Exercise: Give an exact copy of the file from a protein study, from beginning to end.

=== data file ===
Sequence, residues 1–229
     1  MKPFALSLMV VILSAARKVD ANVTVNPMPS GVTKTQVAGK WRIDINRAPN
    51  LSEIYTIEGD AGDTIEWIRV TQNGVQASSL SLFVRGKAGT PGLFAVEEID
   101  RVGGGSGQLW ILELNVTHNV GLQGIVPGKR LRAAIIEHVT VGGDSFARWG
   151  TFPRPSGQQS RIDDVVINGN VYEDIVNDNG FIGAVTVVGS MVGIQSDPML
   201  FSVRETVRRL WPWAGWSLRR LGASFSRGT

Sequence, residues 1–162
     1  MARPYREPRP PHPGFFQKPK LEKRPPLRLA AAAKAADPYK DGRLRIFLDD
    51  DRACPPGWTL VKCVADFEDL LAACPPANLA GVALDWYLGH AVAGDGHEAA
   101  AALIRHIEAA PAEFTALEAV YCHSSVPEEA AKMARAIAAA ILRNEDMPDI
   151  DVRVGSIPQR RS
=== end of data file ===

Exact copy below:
Sequence, residues 1–229
     1  MKPFALSLMV VILSAARKVD ANVTVNPMPS GVTKTQVAGK WRIDINRAPN
    51  LSEIYTIEGD AGDTIEWIRV TQNGVQASSL SLFVRGKAGT PGLFAVEEID
   101  RVGGGSGQLW ILELNVTHNV GLQGIVPGKR LRAAIIEHVT VGGDSFARWG
   151  TFPRPSGQQS RIDDVVINGN VYEDIVNDNG FIGAVTVVGS MVGIQSDPML
   201  FSVRETVRRL WPWAGWSLRR LGASFSRGT

Sequence, residues 1–162
     1  MARPYREPRP PHPGFFQKPK LEKRPPLRLA AAAKAADPYK DGRLRIFLDD
    51  DRACPPGWTL VKCVADFEDL LAACPPANLA GVALDWYLGH AVAGDGHEAA
   101  AALIRHIEAA PAEFTALEAV YCHSSVPEEA AKMARAIAAA ILRNEDMPDI
   151  DVRVGSIPQR RS